The above reasons are why I have decided to remove any form of carbohydrate from both my pre and post training nutrition. I can deal with the fact that my strength has dropped marginally. The funny thing is that I’ve noticed that I’m getting bigger without getting softer since I started doing this. If your goals are to gain as much muscle as you possibly can without using drugs, or to lose as much fat as you can while remaining healthy, then using carbs either pre or post, just doesn’t make enough sense to me at this point to warrant their inclusion.

Happy Lifting!

This article was researched and written by

All the information contained within these World Wide Web Pages is Copyright LifestyleandStrength.com

5 comments for “Pre-Workout Nutrition: Insulin and Testosterone

  1. December 17, 2012 at 2:44 pm

    It’s interesting to hear your analysis of pre and post workout nutrition. I wasn’t aware that an insulin spike could correlate to such a significant drop in testosterone levels. During my cutting cycles I do train without any pre or post workout carbohydrates. Anecdotally, I do notice significantly better fat loss and muscle mass retention. On the flip side though, the strength and energy loss is quite noticable. Nevertheless, in my opinion the benefits significantly outweigh these drawbacks. For a bulking cycle though, I find that pre and post workout carbs are almost necessary, so I’d be interested to hear your analysis for each situation.

    • December 17, 2012 at 3:25 pm

      Thanks for commenting Darren. I notice the drop in strength and energy during cutting cycles as well, and I wonder how much that has to do with lower overall calories and carbs. If fat loss and muscle retention is greater during a cutting cycle where neither pre or post carbs are consumed, then it stands to reason that building muscle would also benefit due to the fact that for the most part it is the same hormones involved. If bulking, your carb intake is higher in general, so there will be plenty of glycogen available to train regardless of when you are consuming carbs. This isn’t my final answer, but it is worth considering. I’m just providing you with food for thought.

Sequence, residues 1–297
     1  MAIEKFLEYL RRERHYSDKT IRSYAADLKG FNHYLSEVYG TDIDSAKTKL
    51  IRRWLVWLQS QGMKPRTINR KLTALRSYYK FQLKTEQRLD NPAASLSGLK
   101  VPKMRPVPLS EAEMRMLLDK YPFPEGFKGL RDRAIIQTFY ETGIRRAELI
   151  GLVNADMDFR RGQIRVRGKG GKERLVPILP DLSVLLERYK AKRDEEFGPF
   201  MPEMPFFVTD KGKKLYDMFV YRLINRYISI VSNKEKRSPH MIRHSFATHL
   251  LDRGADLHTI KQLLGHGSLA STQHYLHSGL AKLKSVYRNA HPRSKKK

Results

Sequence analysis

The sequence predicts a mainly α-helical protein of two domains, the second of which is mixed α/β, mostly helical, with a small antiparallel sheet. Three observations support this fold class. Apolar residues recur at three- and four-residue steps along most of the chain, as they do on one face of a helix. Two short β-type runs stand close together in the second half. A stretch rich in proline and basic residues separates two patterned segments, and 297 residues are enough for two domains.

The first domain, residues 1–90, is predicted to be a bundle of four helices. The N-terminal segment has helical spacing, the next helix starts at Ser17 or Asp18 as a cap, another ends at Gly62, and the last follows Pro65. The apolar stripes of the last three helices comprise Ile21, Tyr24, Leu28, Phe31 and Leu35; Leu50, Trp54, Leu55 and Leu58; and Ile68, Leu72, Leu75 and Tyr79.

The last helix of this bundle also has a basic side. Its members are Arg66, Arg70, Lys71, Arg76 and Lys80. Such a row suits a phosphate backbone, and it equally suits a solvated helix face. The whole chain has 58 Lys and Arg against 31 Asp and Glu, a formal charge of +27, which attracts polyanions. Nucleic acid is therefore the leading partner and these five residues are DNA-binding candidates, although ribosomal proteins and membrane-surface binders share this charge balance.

2. December 12, 2012 at 11:36 am

    Can’t wait to hear more, very interested in the specific situations. It probably makes more sense for me as well as the two things I care about the most are being muscular while lean and being healthy. I’ll for sure continue it for another month or so as I have a little over a tub left of the Optimum 2:1:1 Recovery which is loaded with fast carbs. Should actually finish that right around the time I’m finishing my bulk so the timing could be perfect.

    Thanks Matt!

  3. December 12, 2012 at 8:02 am

    Dang it Matt I just a couple months ago finally made the switch from no carbs post workout to a ton of fast carbs! LOL So if carbs are out pre and post training, when should you be consuming them? Seems like if carbs make testosterone levels drop it’s never good but I’m definitely not a believer in never eating carbs. Obviously the carbs should be complex, but when? Do you do anything preworkout like a protein shake with no or minimal carbs or just a post workout shake with no carbs?

    • December 12, 2012 at 9:21 am

      Personally, I’m waiting until later in the day to consume carbs and I’m keeping that consumption fairly moderate. Ultimately this is my opinion to choose the hormonal response to training above the value that pre and post workout carbs bring to the table (they do have value, no question). At the point of this article, the choice is yours. I’ll be bringing you more information soon. When all is said and done, I’ll give my take on what should be done in each situation (fat loss, bulking, fitness etc).

      To answer your question – upon learning this, I completely cut carbs from both my pre and post. The resulting drop in performance has been minimal. It was noticeable at first, but has since gone back to my previous levels.

Leave a Reply